The FR notice, true to DHS form, does not mention any numbers, or that the beneficiaries may be delinquents, or that both the juveniles and their parents are probably illegal aliens. (The full text of the FR notice can also be seen starting at p. 2189 in the September 12 issue of Interpreter Releases, the immigration bar’s trade paper.)

On looking into the subject a little further I examined the I-360, the form that one must file to secure a green card in this way. The instructions for that form show, in precise detail, how the agency has stacked the deck in favor of the applicant.

In addition to a sensible demand for a birth certificate (to show age), the instructions also require the filing of: “Copies of the court or administrative document(s) upon which the claim to eligibility is based.”
Not all court documents, a set which would give DHS a sense of the total picture of the applicant, who, by definition has a court record, but only those that are needed to secure the green card.

Clearly some of those applying are not necessarily delinquents; one can be a victim of parental abuse, for instance, and be in the custody of a juvenile court. But if you attend a hearing in a juvenile court, as I have (as a spectator) from time to time, you will usually find that the great bulk of the young people present are there because of trouble of their own making.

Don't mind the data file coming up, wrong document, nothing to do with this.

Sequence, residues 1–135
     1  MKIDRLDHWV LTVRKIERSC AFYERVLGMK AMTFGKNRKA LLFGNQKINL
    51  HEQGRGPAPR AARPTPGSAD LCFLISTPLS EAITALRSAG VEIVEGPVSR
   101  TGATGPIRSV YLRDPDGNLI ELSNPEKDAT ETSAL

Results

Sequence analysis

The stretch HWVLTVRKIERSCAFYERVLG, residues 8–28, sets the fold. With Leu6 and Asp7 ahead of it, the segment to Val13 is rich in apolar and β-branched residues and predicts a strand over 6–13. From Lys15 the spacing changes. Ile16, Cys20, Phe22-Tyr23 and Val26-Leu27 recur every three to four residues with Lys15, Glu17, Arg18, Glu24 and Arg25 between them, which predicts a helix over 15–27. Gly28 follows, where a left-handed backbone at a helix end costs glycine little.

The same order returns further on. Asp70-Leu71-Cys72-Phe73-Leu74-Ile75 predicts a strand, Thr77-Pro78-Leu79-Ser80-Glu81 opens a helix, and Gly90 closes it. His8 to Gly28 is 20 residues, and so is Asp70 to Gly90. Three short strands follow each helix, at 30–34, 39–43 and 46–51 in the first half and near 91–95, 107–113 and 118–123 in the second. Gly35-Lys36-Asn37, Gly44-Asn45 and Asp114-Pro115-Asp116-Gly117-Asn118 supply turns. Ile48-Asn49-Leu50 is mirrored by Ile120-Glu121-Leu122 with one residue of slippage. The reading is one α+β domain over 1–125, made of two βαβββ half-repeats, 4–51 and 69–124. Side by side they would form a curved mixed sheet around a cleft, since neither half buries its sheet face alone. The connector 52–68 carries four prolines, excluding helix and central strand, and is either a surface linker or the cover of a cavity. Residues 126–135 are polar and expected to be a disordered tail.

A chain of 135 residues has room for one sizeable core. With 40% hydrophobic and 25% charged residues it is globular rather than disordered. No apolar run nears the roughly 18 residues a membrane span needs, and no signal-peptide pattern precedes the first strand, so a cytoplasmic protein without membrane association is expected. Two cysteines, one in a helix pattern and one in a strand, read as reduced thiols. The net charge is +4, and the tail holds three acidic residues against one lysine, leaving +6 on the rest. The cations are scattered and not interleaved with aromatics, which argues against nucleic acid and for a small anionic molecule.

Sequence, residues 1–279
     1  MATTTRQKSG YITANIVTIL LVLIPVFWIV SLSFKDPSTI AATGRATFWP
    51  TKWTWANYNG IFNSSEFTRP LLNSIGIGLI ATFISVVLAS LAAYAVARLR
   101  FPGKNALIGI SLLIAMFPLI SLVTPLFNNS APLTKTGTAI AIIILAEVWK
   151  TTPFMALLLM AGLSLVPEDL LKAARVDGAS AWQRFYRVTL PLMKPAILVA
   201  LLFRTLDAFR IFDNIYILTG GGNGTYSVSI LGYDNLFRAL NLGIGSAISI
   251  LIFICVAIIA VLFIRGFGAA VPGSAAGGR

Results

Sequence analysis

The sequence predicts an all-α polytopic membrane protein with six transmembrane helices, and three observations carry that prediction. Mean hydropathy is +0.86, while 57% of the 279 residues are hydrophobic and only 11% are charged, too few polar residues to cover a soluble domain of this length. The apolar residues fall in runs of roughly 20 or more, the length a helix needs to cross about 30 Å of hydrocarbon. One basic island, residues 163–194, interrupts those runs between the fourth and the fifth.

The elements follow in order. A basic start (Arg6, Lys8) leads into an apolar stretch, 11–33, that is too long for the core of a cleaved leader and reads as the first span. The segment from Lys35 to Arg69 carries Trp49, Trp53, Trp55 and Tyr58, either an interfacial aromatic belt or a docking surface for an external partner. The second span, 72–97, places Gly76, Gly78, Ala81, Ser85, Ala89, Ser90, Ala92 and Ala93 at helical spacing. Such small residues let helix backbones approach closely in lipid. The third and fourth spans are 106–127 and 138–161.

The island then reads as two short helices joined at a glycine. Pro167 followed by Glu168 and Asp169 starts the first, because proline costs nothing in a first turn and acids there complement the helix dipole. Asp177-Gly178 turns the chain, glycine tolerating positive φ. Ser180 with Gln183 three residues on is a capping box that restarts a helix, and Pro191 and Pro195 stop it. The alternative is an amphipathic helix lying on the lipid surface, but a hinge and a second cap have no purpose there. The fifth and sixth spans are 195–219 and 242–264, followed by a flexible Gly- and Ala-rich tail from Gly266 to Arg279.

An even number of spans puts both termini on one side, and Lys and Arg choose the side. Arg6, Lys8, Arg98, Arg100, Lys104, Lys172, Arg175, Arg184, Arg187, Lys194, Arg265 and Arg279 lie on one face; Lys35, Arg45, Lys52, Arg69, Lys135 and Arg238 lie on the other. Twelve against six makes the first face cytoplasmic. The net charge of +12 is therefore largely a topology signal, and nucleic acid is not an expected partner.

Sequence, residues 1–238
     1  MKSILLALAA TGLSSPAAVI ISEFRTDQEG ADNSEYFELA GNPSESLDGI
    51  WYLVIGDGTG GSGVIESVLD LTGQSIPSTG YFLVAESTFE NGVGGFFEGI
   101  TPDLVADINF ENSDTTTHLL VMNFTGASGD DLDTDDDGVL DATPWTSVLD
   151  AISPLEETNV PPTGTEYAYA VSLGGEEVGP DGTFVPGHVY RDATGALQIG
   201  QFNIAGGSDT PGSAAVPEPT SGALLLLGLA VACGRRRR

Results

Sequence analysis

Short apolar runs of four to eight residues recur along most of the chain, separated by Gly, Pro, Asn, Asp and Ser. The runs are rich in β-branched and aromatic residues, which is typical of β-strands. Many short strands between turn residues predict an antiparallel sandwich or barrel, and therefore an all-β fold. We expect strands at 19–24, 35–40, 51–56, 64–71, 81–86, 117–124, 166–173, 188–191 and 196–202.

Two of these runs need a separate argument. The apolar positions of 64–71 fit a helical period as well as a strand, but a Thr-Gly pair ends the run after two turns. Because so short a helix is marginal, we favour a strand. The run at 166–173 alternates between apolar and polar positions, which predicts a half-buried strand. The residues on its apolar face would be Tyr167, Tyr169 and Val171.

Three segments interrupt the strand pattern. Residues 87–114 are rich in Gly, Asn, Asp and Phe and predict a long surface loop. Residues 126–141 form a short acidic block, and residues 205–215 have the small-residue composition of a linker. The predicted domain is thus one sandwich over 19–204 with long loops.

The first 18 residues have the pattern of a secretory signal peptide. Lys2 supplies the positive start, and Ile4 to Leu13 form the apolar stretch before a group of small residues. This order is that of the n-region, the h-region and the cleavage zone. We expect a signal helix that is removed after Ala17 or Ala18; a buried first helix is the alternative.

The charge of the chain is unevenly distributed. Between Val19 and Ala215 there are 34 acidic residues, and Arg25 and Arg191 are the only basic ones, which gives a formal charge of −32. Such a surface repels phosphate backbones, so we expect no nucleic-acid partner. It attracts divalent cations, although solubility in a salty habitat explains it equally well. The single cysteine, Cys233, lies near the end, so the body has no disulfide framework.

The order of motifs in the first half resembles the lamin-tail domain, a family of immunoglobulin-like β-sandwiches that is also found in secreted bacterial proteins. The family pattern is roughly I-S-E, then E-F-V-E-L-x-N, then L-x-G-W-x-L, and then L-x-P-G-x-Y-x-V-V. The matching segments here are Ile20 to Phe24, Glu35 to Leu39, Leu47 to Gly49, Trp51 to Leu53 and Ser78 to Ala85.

This is, admittedly, a pretty specialized little amnesty program, one that is best navigated not by the juvenile alone but by a knowledgeable social worker or immigration attorney; further it evaporates if the juvenile does not apply before his or her 21st birthday. It is unlikely to make much of a dent on the size of the illegal-alien population, generally.

Its presence in the law, and the latest USCIS effort to expand its utilization, however, are instructive windows into the thought processes of both the Congress and the agency.

If a reader wishes to comment to the authorities on this proposed rule – suggesting, for instance, that we need not expand any of these small-scale, under-the-radar amnesties – the reader may do so by e-mailing [email protected], including “DHS Docket No. USCIS-2009-0004" in the subject line. This also can be done by postal mail. The deadline is November 7.